This is part four of a five part investigative series on Bavaria, transnational organized crime, and the Ursula Herrmann case.

The crime scene of the Ursula Herrmann abduction is unique in a number of ways, and strongly suggests that more than one person was involved. The path leading through the Weingarten forest along the Ammersee shore was frequently used by cyclists or pedestrians, as it was the fastest connection between the villages of Eching and Schondorf, and because of the beautiful lake scenery. Towards dusk, though, this activity suddenly ceased. The abduction took place precisely at this cut off time, when one could still expect to find a girl on her own, but only a limited number of others. Unlike today, the forest was very thick with undergrowth in many places, for instance at the crime scene, which provided an ideal cover for the abductors.

Ursula’s direction of travel. Path “O” not visible, fir tree on left margin
Entrance to the path that had been cut into the forest, fir tree on left margin

Directly where Ursula was snatched, a path had been cut into the forest. Before the attack, the entrance to this path was concealed by a large fir tree that had been cut off just above the ground. When Ursula approached, one or several of the abductors removed the tree and walked out of the forest onto the main path. We are not certain what happened next, whether Ursula was forced to push her bike into the forest by herself, or whether she was sedated directly on the path. In any case, the abductors would have been visible for some seconds, and would need to make sure that they were not disturbed by passers by. Directly next to the crime scene, the main path takes a turn, and then it continues in an almost straight line until it reaches the first houses of the next village a few hundred meters further on. The abductors installed a wired connection between the crime scene and a lookout who was positioned on the other side of this bend, to signal whether anybody was approaching from the other direction.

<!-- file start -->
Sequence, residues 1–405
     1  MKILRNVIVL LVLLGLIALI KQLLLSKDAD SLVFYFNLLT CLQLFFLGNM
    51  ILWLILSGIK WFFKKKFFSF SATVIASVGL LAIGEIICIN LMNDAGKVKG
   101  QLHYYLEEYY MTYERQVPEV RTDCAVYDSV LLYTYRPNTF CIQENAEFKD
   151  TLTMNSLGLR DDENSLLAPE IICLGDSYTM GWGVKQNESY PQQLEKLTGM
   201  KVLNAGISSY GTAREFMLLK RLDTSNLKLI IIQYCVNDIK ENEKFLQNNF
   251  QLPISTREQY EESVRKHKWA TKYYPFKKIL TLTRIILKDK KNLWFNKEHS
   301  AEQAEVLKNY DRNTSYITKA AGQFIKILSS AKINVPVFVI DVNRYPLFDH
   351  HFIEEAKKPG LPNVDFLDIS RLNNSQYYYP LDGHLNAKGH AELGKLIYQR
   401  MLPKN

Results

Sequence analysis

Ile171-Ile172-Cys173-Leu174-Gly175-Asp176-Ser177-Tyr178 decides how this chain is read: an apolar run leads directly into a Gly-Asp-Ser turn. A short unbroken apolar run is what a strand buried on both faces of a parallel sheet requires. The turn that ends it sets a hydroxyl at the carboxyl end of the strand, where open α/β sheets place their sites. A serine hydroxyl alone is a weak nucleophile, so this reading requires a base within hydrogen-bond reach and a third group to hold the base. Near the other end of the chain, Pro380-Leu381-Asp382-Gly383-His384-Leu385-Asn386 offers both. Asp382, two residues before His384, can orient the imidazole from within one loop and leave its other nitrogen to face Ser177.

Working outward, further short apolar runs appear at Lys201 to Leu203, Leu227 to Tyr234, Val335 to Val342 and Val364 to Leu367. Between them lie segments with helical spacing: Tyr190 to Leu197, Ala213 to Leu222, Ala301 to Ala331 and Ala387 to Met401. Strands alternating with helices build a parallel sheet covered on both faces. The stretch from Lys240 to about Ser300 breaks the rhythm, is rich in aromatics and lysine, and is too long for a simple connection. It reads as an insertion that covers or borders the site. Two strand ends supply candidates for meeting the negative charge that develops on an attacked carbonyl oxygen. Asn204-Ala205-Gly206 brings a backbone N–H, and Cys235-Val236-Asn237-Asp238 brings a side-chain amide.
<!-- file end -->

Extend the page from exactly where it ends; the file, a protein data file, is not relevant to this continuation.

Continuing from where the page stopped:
Police sketch of the crime scene and the wire.

Directly next to the crime scene were two groups of young fir trees standing closely next to each other. The abductors cut the branches at the inside of these groups of trees so that they could stand in the middle without being seen. They were already there some weeks before the abduction. Presumably, they used these hideouts to observe the traffic on the road. Perhaps they also used it on the day of the abduction, to observe the other end of the path.

Location of the groups of fir trees, paths, bicycle at crime scene.

The paths that had been cut into the forest ultimately led almost all the way to the location of the box. But because of the poor initial crime scene work they were only discovered some months after the abduction. All these factors suggest that at least two, probably three or four people were involved in the abduction. This assumption is also supported by the fact that it would have been very difficult for one person to carry a 65kg box with pipes attached to it to the location where it was buried, which would have involved crawling through dense shrubbery.

Approach to the box, walking from lake shore, ladder found near arrow
Approach to box walking from highway
Entrance to box location
Entrance to box location close up
This ladder was probably used to dig the hole.

But also the box itself seems to have been built by more than one person. Some of the drainage pipes that were once supposed to serve as a ventilation system were drilled more than 2000 times and later wrapped with a bed sheet and duct tape to create a silencer effect. In some locations, these holes are very precisely positioned, in others the work looks somewhat careless, which also suggests that it was done by more than one person.

Holes drilled by two persons

Altogether, this supports the assumption that more than one person was involved. These persons would have been reasonably physically fit as they had to carry a 30kg child through 800m forest terrain. They would also have been fit enough to carry the 65kg box and the supplies, and to dig the hole for the box. They would have had some disposable time in the preceding months and weeks and also experience with DIY, even though not at a professional level. And most importantly, they would have had an intimate knowledge of the Weingarten and the work pattern of the foresters and hunters. Moreover, their mobility would be somewhat restricted on the day of the abduction, since they did not take the victim to another location, as it was done in all other abduction cases at the time.

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This is part four of a five part investigative series on Bavaria, transnational organized crime, and the Ursula Herrmann case.

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